To read more about a recent study that has reached this conclusion see our recent post” BIOFUEL UPDATE: Some Biofuels Worse Than Gas for Global Warming; Danforth Science Center Gets $15M in Stimulus for Biofuels; OriginOil Develops Better Way to Get Oil from Algae; FedEx: to Use 30% Biofuels by 2030.
Projects selected under this Funding Opportunity Announcement will work to validate integrated biorefinery technologies that produce advanced biofuels, bioproducts, and heat and power in an integrated system, thus enabling private financing of commercial-scale replications.
DOE anticipates making 10 to 20 awards for refineries at various scales and designs, all to be operational in the next three years. The DOE funding ceiling is $25 million for pilot-scale projects and $50 million for demonstration scale projects.
These integrated biorefineries will reduce dependence on petroleum-based transportation fuels and chemicals. They will also facilitate the development of an “advanced biofuels” industry to meet the federal Renewable Fuel Standards.
Commercial-Scale Biorefinery Projects Demonstration
$176.5 million will be used to increase the federal funding ceiling on two or more demonstration- or commercial-scale biorefinery projects that were selected and awarded within the last two years.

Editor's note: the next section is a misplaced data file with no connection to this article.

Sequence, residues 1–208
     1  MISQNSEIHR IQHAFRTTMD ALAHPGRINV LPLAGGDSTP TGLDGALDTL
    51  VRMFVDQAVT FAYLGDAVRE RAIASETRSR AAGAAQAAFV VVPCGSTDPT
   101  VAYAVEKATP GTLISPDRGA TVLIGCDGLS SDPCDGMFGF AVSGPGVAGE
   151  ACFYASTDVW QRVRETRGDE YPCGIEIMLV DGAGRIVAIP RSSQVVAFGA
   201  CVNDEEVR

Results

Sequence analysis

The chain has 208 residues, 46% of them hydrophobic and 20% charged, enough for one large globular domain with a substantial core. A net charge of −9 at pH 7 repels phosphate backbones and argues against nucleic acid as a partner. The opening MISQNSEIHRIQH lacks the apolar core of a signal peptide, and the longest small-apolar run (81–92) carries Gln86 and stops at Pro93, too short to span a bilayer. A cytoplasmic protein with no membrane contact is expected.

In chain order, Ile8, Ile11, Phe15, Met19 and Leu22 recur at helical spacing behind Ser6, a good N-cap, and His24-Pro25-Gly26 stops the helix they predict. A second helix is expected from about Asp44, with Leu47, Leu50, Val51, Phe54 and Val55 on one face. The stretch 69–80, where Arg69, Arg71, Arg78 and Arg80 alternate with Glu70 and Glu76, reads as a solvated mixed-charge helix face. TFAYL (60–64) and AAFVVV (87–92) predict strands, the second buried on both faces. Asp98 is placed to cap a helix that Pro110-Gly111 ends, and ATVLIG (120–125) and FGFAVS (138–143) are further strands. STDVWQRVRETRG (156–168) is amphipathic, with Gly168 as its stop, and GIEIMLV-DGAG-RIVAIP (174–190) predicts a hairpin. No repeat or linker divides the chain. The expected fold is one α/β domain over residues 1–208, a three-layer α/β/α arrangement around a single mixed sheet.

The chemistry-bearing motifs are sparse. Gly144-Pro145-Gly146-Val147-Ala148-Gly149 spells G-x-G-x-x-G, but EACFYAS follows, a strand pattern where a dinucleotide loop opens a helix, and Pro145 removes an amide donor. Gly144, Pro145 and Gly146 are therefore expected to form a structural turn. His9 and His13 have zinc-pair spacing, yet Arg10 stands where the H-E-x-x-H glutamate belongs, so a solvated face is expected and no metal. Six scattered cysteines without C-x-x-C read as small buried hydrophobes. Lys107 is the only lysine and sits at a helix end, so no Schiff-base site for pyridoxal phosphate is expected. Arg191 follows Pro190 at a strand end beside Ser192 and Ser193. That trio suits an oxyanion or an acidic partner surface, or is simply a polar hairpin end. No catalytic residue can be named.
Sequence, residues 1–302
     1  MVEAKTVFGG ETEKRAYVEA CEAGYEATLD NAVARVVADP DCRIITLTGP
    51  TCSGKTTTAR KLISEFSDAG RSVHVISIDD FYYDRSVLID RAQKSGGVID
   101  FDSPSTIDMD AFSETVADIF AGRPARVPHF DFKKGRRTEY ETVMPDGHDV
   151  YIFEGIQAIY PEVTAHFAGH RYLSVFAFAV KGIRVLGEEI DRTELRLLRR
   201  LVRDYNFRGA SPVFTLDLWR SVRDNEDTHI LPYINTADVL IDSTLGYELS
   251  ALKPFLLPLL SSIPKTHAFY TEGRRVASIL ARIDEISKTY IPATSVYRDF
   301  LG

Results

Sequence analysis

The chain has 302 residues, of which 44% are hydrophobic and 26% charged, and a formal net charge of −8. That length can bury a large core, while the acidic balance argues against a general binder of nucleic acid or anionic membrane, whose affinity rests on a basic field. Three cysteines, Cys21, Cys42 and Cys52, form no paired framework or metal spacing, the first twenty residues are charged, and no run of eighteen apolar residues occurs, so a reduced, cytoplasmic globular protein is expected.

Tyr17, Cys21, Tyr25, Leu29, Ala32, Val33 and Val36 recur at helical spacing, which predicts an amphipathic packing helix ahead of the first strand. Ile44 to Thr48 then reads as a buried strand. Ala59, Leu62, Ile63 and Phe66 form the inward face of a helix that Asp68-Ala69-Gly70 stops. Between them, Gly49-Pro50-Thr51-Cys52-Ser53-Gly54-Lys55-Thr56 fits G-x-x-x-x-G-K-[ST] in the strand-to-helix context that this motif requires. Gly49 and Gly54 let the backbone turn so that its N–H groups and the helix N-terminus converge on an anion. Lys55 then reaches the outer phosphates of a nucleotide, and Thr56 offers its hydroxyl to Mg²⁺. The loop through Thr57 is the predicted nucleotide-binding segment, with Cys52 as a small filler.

The goal of these efforts is to reduce the risk of the development and deployment of these first-of-a-kind operations. These funds are expected to expedite the construction phase of these projects and ultimately accelerate the timeline for start up and commissioning.
The Biomass Program plans to use $110 million to support fundamental research in key program areas, distributed in the following manner:
Expand the resources available for sustainability research through the Office of Science Bioenergy Research Centers and establish a user-facility/small-scale integrated pilot plant ($25 million);
Create an advanced research consortium to develop technologies and facilitate subsequent demonstration of infrastructure-compatible biofuels through a competitive solicitation ($35 million); and
Create an algal biofuels consortium to accelerate demonstration of algal biofuels through a competitive solicitation ($50 million).
This funding will help to develop cutting-edge conversion technologies, including generating more desirable catalysts, fuel-producing microbes, and feedstocks.
In addition the Biomass Program is planning to use $20 million of the Recovery Act funding in a competitive solicitation to optimize flex-fuel vehicles; evaluate the impact of higher ethanol blends in conventional engines and upgrade existing refueling infrastructure to be compatible with ethanol mixes up to E85